A sequel to Deadly Premonition, Swery65’s cult classic love letter to Twin Peaks, was announced earlier today during Nintendo’s positively overflowing Nintendo Direct stream. Deadly Premonition 2: A Blessing in Disguise is coming to Nintendo Switch sometime in 2020, and is being developed by TOYBOX Inc., a Tokyo development studio founded in 2012 by Harvest Moon designer Yasuhiro Wada and Deadly Premonition producer Tomio Kanazawa.
Swery65 confirmed on Twitter that he is writing and directing Deadly Premonition 2, despite the fact that his own studio, White Owls Inc., isn’t involved in the game’s production.
Update (April 28, 2020): Deadly Premonition 2 now has a specific release date of July 10, 2020. The news coincided with the release of a new trailer that you can view here. Our original story continues as follows.
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As seen in the above trailer, Deadly Premonition 2 takes place in Boston circa 2019, and stars a new protagonist: FBI Agent Aaliyah Davis. While investigating a serial killer cold case file, Davis “opens a door to the unknown,” though the metaphorical nature of said door is indeterminate. The game also jumps back in time by 14 years, returning players to the immaculately polished shoes of FBI Special Agent Francis York Morgan, the hero of the first game. Special Agent York is investigating some mysterious happenings in New Orleans, though how that connects to Davis’ modern case is unclear.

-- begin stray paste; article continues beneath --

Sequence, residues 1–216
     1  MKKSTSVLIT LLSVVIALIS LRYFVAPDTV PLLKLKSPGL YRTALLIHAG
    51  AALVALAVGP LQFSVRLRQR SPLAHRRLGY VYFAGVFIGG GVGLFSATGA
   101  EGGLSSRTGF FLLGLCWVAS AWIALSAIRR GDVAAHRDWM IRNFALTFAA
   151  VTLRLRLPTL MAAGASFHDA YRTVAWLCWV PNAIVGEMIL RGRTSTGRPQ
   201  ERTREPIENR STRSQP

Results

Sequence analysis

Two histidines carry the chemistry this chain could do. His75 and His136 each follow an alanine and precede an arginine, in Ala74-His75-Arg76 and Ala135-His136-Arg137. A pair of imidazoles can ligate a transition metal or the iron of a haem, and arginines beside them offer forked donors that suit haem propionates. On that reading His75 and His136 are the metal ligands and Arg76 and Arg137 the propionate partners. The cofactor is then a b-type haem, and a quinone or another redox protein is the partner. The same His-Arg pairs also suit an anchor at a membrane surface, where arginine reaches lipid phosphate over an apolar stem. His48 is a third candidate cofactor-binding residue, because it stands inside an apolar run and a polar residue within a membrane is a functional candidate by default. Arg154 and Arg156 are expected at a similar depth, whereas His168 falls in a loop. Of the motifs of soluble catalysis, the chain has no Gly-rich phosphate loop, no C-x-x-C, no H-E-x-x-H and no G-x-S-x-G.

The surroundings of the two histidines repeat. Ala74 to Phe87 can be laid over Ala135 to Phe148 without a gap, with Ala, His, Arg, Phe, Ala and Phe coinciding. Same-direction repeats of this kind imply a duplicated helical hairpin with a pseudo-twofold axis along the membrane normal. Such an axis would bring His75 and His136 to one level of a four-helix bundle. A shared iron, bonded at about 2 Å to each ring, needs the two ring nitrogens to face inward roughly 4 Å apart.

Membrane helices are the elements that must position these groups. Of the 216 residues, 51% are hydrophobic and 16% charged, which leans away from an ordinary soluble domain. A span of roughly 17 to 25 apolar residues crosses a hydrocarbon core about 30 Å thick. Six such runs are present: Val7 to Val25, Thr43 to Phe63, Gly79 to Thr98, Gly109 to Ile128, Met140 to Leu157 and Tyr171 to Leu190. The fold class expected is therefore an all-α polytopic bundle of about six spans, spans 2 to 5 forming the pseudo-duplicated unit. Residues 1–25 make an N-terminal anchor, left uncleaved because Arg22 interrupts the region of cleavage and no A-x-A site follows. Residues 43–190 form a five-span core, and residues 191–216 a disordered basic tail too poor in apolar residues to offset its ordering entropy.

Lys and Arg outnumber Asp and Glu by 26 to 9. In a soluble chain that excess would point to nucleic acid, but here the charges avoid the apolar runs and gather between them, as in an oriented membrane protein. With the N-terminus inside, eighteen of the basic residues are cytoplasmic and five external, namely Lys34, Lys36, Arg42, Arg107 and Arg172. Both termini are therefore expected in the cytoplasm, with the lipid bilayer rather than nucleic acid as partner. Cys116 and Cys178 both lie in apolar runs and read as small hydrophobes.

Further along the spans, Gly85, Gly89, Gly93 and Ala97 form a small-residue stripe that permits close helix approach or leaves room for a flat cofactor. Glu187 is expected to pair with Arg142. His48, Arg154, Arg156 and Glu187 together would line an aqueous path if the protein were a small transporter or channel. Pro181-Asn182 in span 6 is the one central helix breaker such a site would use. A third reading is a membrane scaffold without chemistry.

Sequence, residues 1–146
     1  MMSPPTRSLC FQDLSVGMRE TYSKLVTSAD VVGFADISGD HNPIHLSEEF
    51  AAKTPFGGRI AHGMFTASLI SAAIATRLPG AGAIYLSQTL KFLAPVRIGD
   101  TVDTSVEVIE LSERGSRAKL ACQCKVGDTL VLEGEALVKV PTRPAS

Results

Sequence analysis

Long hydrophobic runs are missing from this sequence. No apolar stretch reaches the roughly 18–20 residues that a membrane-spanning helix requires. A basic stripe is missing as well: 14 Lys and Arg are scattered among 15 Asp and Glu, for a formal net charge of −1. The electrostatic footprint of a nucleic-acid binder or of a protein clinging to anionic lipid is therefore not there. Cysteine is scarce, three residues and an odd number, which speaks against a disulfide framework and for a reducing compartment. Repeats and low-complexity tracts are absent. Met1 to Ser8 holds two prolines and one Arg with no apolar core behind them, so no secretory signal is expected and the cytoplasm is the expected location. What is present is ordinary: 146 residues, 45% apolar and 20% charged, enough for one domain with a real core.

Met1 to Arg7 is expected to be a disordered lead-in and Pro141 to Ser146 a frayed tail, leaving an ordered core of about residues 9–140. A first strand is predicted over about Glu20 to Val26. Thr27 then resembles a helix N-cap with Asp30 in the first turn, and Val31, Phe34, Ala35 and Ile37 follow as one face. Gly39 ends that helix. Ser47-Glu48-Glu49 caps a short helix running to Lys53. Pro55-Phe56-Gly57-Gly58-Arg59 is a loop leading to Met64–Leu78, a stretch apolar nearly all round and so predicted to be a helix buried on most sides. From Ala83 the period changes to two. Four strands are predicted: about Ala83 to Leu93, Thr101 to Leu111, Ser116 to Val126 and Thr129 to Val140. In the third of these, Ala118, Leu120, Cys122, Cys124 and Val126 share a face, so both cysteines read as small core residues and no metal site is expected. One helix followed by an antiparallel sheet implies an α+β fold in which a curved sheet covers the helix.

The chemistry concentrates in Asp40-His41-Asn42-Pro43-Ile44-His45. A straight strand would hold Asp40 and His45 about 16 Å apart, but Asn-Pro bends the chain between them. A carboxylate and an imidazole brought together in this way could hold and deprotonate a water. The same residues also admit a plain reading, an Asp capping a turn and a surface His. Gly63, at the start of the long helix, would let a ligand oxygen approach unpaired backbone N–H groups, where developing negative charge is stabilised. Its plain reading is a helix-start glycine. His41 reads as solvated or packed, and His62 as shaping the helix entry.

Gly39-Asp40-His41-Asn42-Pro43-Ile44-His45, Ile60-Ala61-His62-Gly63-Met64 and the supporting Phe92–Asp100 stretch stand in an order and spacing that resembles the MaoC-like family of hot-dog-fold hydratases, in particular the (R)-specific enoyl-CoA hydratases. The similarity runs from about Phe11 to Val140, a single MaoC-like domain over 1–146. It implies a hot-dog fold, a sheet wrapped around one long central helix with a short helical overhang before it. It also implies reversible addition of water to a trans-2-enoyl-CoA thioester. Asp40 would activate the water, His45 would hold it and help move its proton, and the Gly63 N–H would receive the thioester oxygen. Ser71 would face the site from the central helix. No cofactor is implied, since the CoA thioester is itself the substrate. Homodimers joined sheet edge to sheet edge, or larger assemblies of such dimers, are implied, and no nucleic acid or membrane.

For reasons that I can’t explain without spoiling the first game, one can tell from this trailer that York’s New Orleans case should take place before the events of the original game. However, 14 years prior to 2019 would mean that York’s story arc happens in 2005, and while that does predate the first game’s 2010 release, Deadly Premonition had a distinctly 90s flair that doesn’t exactly jive with 2010. This could have more to do with the game’s deep allusions to David Lynch’s Twin Peaks, rather than any strong indication of when the story took place, but the extended ending added in 2013’s Deadly Premonition: Director’s Cut may account for all of these variables. Again, spoilers.
Speaking of the first game, today’s Nintendo Direct also announced that Deadly Premonition is now available on the Nintendo Switch eShop as Deadly Premonition: Origins. It was unclear from the announcement whether Origins is a port of the Director’s Cut, or if its a straight copy of the 2010 original.
If you’ve never played it, Deadly Premonition is a deeply weird and unique game that was far ahead of its time in some key ways. It’s an open-world detective game, but it’s also a third-person horror shooter. It deeply integrates survival mechanics like hunger, tiredness, and an in-game clock, but focuses on them almost wholly during mundane investigation activities, rather than during the actual survival horror stuff.
Deadly Premonition is a game that’s willing to let you have a fifteen minute conversation with an elderly hotel owner at the beginning of every in-game day, just because. It’s a game where a not-insignificant portion of your time is spent driving from one location to another, in real time, while Special Agent York talks to an unseen, unheard entity named “Zach” about classic films and punk music. It is an acutely obtuse game that asks a lot of the player and is sometimes flawed because of it, in a way that isn’t all that different from the first two seasons of Twin Peaks. But if you’re a patient person whose willing to put up with a lot for something that’s truly special, there’s nothing else like it out there.